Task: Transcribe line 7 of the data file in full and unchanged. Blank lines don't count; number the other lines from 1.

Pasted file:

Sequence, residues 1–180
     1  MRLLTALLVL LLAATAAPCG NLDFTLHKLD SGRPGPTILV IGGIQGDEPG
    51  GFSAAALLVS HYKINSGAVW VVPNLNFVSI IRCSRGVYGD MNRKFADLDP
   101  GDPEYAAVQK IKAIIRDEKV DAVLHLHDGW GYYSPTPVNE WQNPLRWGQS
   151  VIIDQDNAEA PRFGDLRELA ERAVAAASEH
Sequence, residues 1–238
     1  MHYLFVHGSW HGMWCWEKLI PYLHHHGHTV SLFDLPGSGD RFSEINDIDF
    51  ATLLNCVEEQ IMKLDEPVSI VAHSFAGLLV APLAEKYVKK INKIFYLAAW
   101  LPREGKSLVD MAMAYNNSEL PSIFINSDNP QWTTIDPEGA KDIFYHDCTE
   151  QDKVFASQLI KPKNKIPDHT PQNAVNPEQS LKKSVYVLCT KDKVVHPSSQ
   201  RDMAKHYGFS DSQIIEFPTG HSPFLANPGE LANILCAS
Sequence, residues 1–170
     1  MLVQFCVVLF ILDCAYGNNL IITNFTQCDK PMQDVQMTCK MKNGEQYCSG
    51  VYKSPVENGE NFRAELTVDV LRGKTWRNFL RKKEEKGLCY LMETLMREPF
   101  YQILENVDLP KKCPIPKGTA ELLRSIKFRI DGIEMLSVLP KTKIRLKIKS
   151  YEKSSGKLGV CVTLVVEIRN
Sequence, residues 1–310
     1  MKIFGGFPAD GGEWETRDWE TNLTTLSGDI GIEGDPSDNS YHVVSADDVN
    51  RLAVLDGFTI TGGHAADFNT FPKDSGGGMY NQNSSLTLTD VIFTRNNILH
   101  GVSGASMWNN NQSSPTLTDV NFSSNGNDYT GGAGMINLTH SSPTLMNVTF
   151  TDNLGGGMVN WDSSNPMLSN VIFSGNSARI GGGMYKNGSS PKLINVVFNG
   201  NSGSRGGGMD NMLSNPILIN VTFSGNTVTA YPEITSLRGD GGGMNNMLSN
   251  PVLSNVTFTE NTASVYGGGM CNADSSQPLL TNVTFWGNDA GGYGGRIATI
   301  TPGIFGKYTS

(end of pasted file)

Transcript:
     1  MHYLFVHGSW HGMWCWEKLI PYLHHHGHTV SLFDLPGSGD RFSEINDIDF